The external demands placed on CFOs have increased dramatically in the last decade: capital markets, analysts, rating agencies, national and international accounting standards, and compliance directives have had an enormous impact on the efficiency and the influence of the financial community within the company.
In times of growth, operational managers saw it as completely acceptable if the CFO were to withdraw from strategic portfolio and investment decisions, and instead went on a “road show.” Controlling in the meantime had been swallowed up in the jungle that is accounting. Questioning decisions purely from the perspective of a businessman and exercising economic caution were seen as destructive, and it was widely believed that they impaired the business dynamic within the organization. Controlling was then seen as being less important, and was stripped back until merely its reporting function remained. The longest-reaching forecast was merely a preview of the coming quarter. The most recently negotiated budget placed restrictions on opportunities for planning and taking actions. Every management system was abandoned in favor of external standards, compliance considerations, and system and IT considerations. The businessman in the business had died! But now, the present crisis is bringing him back from the dead: the financial community within the company now has a unique opportunity to strengthen its role as patron of sustainable value creation and cash generation, and to realize its role within the company. To achieve these objectives, controlling needs to reinvent itself in terms of its key principles:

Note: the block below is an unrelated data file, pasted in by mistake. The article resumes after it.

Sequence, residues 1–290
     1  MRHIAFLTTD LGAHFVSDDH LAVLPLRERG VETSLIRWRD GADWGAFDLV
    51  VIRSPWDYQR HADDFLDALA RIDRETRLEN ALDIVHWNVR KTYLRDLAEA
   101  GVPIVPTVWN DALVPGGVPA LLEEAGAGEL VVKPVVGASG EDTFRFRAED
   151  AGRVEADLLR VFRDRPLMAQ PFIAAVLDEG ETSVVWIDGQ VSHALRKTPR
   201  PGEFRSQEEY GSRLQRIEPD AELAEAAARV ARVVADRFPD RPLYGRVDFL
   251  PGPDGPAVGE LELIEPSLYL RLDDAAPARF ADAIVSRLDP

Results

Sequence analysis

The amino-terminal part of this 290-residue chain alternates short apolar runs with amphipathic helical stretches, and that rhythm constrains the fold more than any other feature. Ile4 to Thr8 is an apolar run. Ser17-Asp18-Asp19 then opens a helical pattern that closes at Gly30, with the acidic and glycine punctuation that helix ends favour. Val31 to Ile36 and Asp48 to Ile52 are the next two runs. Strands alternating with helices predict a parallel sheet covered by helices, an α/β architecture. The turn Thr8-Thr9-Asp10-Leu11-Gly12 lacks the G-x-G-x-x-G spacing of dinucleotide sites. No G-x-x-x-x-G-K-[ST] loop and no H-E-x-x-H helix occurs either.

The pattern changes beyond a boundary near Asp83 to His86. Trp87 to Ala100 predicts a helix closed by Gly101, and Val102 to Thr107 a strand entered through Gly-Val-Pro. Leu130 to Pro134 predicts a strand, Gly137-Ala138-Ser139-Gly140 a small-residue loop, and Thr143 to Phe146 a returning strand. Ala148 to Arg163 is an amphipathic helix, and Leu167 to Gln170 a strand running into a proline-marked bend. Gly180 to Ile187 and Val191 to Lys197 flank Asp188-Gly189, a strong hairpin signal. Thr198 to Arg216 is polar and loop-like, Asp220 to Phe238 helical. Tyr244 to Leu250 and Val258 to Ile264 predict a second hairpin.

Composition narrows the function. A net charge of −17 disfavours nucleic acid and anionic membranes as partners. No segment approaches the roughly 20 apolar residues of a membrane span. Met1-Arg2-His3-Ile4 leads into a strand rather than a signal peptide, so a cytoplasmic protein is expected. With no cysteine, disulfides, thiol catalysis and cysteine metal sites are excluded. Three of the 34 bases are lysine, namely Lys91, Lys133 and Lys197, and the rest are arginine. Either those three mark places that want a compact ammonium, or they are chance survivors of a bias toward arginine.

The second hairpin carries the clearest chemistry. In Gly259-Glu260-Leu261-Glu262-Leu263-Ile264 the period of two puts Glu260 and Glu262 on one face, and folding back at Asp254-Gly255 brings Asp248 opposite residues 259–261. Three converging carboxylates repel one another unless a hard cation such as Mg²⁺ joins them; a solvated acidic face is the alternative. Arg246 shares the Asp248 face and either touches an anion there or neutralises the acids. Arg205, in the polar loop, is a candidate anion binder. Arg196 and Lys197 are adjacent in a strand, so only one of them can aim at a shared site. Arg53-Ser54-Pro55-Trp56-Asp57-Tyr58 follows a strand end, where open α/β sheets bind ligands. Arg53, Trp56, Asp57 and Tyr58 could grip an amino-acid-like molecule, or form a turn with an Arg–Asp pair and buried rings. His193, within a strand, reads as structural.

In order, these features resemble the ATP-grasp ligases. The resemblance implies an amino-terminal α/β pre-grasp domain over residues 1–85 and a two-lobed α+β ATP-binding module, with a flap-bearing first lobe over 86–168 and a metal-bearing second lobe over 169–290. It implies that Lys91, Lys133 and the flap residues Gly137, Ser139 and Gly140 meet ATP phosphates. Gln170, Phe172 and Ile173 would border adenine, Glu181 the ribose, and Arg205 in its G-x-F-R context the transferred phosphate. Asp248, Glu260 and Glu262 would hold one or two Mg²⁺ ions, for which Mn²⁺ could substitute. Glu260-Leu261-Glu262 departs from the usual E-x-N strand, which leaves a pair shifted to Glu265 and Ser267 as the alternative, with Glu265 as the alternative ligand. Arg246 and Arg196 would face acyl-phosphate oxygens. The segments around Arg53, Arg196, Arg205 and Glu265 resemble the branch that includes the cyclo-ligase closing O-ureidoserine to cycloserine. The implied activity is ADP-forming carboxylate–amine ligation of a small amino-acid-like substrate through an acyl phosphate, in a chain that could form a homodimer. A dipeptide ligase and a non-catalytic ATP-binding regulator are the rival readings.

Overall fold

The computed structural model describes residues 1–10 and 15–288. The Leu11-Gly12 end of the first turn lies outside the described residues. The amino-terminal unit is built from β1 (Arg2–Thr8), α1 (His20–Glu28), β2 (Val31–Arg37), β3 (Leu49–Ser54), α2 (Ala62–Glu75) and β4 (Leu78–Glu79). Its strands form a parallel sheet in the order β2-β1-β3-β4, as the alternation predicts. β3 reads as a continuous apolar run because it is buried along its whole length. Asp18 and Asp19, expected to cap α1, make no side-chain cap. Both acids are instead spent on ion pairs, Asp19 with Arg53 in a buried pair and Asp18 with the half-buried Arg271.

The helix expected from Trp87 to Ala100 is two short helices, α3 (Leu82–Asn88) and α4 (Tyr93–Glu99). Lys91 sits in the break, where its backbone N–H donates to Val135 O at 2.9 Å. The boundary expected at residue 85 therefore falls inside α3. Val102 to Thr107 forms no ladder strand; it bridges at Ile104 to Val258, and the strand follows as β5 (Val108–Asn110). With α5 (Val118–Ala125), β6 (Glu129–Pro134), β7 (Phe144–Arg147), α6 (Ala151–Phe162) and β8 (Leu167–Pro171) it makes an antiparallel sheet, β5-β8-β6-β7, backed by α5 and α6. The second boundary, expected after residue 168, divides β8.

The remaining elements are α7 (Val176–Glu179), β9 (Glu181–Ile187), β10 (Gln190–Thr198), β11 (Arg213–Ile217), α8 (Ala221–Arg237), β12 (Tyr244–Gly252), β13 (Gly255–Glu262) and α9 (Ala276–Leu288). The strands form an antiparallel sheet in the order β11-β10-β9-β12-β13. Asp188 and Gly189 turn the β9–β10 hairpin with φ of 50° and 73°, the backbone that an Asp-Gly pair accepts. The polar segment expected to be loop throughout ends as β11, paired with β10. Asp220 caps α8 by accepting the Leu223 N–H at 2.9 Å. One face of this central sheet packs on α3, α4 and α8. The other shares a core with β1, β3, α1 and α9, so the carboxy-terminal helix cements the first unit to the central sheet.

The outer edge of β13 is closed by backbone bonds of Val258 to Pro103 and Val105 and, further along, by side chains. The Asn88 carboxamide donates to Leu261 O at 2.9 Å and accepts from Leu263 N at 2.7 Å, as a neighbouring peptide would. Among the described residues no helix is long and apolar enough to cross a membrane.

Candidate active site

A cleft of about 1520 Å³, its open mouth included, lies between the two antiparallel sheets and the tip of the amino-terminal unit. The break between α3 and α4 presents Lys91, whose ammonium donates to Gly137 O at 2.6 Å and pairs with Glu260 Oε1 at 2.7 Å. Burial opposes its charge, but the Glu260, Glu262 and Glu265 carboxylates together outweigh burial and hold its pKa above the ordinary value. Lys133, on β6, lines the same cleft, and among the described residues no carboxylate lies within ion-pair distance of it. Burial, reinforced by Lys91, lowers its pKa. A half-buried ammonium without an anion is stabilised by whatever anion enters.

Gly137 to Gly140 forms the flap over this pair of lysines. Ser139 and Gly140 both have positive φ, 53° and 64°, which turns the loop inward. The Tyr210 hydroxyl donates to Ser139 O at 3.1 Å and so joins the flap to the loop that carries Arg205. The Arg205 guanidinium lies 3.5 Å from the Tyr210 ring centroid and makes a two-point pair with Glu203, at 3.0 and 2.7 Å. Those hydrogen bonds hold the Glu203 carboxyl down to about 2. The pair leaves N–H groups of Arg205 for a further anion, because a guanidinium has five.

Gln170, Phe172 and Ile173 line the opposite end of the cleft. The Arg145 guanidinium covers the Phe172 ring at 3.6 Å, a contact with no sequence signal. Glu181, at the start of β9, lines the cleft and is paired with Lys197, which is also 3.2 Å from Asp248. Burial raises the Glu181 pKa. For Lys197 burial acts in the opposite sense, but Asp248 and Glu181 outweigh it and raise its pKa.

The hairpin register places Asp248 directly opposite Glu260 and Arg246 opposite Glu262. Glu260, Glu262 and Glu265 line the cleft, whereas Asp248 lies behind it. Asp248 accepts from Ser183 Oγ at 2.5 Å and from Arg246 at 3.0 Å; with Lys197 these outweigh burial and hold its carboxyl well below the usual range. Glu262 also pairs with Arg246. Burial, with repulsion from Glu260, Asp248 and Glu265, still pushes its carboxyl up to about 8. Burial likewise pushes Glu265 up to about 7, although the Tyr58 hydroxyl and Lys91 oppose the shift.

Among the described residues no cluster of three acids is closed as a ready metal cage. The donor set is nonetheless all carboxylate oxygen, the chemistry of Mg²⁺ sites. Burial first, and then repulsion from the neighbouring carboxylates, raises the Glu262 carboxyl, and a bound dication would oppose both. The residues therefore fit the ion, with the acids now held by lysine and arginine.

1. Controlling is not accounting – it is the basis for far-sighted financial management of the operational areas and for strategic decisions.
2. Reporting, in its practical application, is not controlling. The focus must be directed at the relevant KPIs, and it must be possible to react to changes in the environment.
3. The budget is not a management instrument. Scenarios must be taken into account, and the focus must be on the essentials.
4. The controlling community is not a service center. Organizational consequences need to be introduced, and a new self-awareness must be demonstrated.